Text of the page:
Book #130: Openly Straight (2013)

author: Bill Konigsberg
language: English
length: 339 pages
finished reading on: 6 Mar 2017

It remains the case, at least from what I can see, that it’s easier to find young adult LGBT novels than it is to find more grown-up stuff. Perhaps my readers have a different perspective? Let me know if you know anything good! Anyway, for me this follows on from similar books like Simon vs. the Homo Sapiens Agenda, which I read last year. It’s similarly easy to read, and the story is also generally optimistic.

The conceit here is a boy called Rafe who is openly gay, but tired of being The Gay Kid at his school, and wants to be treated “normally”. So he ups and moves right across the country to attend boarding school in Massachusetts, where he decides he’s not going to reveal his sexuality straight away – going back in the closet, as his best friend and family term it.

The arc of the story is very predictable – I could tell what was going to happen within the first two chapters, as all the main characters are introduced. But this predictability is a boon in this genre, actually. It’s comforting to be able to know what will happen next.

The exploration of identity is interesting, but I’m definitely out of the target audience of teenagers still trying to work this stuff out. But I could see parts of myself in it too. I was never “out” in high school, but I would never have wanted to be seen as The Gay Kid. I’m reminded of something my coworker said recently – being gay is important to me but it’s not my primary identity, nor the first adjective he’d describe me with. His impression was that Americans seem to be more eager to make it the centre of their identities, and if I was American I might want to be seen as That Gay Guy.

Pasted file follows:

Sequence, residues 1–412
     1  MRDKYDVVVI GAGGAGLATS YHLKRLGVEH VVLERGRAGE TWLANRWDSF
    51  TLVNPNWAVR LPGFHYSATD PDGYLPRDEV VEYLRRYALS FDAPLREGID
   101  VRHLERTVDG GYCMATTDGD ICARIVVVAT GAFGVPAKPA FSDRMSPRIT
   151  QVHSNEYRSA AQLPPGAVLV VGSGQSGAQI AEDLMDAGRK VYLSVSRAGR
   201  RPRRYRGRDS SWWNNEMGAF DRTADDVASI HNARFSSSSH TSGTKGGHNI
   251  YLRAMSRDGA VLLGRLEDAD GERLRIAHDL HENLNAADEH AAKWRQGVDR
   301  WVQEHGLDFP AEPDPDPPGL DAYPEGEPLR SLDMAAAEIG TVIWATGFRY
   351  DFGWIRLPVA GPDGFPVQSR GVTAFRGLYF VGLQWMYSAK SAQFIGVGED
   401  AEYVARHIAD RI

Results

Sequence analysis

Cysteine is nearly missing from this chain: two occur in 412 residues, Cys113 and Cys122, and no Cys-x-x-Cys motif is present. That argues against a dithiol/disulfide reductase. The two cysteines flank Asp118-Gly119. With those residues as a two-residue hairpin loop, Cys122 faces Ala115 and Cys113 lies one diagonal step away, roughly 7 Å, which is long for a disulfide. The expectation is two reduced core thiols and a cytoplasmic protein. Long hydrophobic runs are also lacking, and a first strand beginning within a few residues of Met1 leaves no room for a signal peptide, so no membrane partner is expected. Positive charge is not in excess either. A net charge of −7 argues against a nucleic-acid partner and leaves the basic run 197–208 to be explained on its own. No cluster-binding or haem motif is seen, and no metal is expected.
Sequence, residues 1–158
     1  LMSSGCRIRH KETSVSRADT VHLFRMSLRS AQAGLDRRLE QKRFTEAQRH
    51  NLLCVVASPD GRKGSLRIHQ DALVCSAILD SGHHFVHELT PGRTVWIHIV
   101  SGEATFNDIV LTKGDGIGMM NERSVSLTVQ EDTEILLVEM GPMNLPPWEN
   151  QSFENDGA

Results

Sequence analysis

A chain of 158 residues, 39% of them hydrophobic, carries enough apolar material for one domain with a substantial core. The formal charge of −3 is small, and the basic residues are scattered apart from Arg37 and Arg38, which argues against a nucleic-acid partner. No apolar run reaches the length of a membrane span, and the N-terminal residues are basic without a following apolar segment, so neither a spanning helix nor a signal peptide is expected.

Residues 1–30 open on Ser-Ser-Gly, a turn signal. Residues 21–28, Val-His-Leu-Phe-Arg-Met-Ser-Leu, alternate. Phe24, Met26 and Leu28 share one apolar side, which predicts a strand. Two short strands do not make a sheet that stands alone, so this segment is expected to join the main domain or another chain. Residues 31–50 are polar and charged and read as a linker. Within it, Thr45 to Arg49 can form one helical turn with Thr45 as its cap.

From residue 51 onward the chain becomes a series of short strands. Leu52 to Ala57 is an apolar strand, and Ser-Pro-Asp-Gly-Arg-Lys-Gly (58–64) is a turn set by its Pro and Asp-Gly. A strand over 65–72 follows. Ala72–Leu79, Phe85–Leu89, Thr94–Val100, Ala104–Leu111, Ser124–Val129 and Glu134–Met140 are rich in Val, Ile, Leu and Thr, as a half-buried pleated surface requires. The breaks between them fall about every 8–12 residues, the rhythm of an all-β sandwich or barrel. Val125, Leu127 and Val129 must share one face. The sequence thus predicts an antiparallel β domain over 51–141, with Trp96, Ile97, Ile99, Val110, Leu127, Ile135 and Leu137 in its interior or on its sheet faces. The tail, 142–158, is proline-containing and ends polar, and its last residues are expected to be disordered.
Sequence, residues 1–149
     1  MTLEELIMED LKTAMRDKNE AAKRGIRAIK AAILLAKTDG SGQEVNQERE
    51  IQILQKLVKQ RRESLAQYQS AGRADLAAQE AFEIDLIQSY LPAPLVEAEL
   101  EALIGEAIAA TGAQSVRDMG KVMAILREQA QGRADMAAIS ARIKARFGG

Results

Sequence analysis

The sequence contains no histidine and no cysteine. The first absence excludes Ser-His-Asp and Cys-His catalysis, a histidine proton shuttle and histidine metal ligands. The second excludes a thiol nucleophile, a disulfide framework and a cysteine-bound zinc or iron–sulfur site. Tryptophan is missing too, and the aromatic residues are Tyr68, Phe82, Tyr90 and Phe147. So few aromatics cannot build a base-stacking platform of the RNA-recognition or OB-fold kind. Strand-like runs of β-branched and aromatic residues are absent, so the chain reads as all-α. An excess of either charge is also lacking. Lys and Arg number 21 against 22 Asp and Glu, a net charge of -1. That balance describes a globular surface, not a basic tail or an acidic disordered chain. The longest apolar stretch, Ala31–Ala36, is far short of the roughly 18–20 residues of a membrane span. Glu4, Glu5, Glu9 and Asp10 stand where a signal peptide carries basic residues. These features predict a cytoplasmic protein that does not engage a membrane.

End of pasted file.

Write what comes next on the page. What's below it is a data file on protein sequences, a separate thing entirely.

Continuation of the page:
Not sure about that, but that idea is reflected to some extent here – the other characters are shocked when they find out the main character is tired of broadcasting his identity in such a way, and it looks into the labels we apply to each other. Once he stops broadcasting that he’s gay, he immediately picks up other labels, such as “jock”. And it’s more subtle, but names, too, are very important in the book – the main character goes by different names to different people, and his friend gets angry when people call her the wrong name. I think this was a sensible choice from the author to demonstrate other shifts in identity that everyone makes.

I’m not so into many sports myself, and sports are also a big theme of the book – so I switched off a bit for the descriptions of soccer or American football, but I liked the bits where they went skiing. Selective, perhaps.

It gets very, very awkward at some points, though, in that way of teenagers unable to express their feelings well. Similar to Boys, the last movie I watched, it reminded me in a bad way of the anxiety of coming out.